• Credits: 3.00
  • Level: Upper Level Undergraduate
  • Days/Times: MW 1:30PM - 2:45PM
  • Instructor: Avolio, Meghan Lynn
  • Room:  
  • Status: Open
  • Seats Available: 14/18
  • PosTag(s): n/a

Climate Change: Science & Policy
AS.271.360 (01)

Prereq: 270.103 or permission of instructor. This course will investigate the policy and scientific debate over global warming. It will review the current state of scientific knowledge about climate change, examine the potential impacts and implications of climate change, explore our options for responding to climate change, and discuss the present political debate over global warming.

  • Credits: 3.00
  • Level: Upper Level Undergraduate
  • Days/Times: TTh 10:30AM - 11:45AM
  • Instructor: Zaitchik, Benjamin
  • Room:  
  • Status: Waitlist Only
  • Seats Available: 0/50
  • PosTag(s): INST-IR

Research Design
AS.271.399 (01)

This course supports students in the design of their senior capstone project, including crafting a suitable research question, identifying appropriate methodologies, and writing a formal project proposal.

  • Credits: 1.00
  • Level: Upper Level Undergraduate
  • Days/Times: T 12:00PM - 1:15PM
  • Instructor: Monopolis, Alexios Nicolaos
  • Room:  
  • Status: Open
  • Seats Available: 15/25
  • PosTag(s): n/a

Environmental Ethics
AS.271.401 (01)

Environmental Ethics is a philosophical discipline that examines the moral relationship between humans and the natural environment. For individuals and societies, it can help structure our experience of nature, environmental problems, human-environmental relations, and ecological awareness. Beginning with a comprehensive analysis of their own values, students will explore complex ethical questions, philosophical paradigms and real-life case studies through readings, films and seminar discussions. Traditional ethical theories, including consequentialism, deontology, and virtue ethics will be examined and applied. Environmental moral worldviews, ranging from anthropocentric to ecocentric perspectives, will be critically evaluated. Organized debates will help students strengthen their ability to deconstruct and assess ethical arguments and to communicate viewpoints rooted in ethical principles. Students will apply ethical reasoning skills to an examination of contemporary environmental issues including, among others, biodiversity conservation, environmental justice, climate change, and overpopulation. Students will also develop, defend and apply their own personal environmental ethical framework. A basic understanding of modern environmental history and contemporary environmental issues is required. Prior experience with philosophy and ethics is not required.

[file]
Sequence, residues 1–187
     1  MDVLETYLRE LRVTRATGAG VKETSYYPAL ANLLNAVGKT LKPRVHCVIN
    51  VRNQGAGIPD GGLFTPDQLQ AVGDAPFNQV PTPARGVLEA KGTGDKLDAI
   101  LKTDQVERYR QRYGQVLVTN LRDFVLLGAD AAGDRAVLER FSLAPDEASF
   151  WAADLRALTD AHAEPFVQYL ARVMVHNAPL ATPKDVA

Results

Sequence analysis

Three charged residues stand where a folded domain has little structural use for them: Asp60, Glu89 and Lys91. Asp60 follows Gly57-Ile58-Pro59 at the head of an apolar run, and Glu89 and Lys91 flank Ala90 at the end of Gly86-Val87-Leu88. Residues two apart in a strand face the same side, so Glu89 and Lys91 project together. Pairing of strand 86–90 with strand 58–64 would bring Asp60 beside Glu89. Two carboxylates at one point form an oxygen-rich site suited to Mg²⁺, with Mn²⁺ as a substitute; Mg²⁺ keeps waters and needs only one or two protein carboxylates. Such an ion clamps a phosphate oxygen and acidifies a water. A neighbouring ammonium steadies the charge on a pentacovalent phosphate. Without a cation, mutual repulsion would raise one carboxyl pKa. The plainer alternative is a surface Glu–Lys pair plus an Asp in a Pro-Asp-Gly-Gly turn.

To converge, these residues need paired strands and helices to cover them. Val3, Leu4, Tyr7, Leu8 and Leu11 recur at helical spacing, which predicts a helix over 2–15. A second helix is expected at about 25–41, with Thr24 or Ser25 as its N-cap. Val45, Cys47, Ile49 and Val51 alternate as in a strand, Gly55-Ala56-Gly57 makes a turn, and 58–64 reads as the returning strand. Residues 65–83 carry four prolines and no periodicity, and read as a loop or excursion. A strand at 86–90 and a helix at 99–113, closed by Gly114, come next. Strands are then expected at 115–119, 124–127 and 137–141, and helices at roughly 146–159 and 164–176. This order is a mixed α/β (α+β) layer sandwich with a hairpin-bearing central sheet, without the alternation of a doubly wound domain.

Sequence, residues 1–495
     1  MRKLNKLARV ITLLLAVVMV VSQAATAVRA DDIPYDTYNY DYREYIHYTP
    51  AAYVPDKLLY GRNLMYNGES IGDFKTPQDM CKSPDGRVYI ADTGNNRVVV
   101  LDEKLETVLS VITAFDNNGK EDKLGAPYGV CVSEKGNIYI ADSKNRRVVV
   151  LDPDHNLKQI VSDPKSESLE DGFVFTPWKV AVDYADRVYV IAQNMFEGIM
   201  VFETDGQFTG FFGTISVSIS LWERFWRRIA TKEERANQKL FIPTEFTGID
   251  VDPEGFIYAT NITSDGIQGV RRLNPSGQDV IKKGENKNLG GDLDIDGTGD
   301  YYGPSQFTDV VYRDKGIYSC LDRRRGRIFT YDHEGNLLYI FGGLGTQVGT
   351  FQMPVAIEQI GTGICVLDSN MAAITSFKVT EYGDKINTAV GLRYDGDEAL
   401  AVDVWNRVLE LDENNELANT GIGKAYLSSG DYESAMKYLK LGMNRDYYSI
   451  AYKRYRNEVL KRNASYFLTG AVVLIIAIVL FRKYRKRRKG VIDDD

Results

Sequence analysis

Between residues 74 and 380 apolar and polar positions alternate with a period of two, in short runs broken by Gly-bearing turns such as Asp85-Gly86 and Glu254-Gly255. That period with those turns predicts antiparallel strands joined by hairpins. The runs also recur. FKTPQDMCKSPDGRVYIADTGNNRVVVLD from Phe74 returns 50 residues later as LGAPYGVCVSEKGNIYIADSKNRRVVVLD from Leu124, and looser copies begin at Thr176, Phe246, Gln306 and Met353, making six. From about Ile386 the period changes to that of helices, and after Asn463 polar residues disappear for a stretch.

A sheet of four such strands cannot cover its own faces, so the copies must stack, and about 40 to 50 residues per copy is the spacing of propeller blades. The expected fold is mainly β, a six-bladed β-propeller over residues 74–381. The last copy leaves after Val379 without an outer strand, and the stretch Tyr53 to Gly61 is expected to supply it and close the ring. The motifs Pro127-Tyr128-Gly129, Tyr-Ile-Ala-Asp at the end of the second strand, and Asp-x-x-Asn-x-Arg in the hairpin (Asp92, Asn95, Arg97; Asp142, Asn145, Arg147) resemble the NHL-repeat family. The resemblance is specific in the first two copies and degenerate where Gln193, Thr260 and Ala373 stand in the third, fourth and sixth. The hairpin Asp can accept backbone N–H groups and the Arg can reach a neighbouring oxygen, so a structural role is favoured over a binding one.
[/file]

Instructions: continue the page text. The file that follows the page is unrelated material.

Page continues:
• Credits: 3.00
  • Level: Upper Level Undergraduate
  • Days/Times: T 1:30PM - 4:00PM
  • Instructor: Monopolis, Alexios Nicolaos
  • Room:  
  • Status: Waitlist Only
  • Seats Available: 0/12
  • PosTag(s): GECS-SOCSCI, INST-PT, ENVS-MINOR

Environmental Policymaking and Policy Analysis
AS.271.403 (01)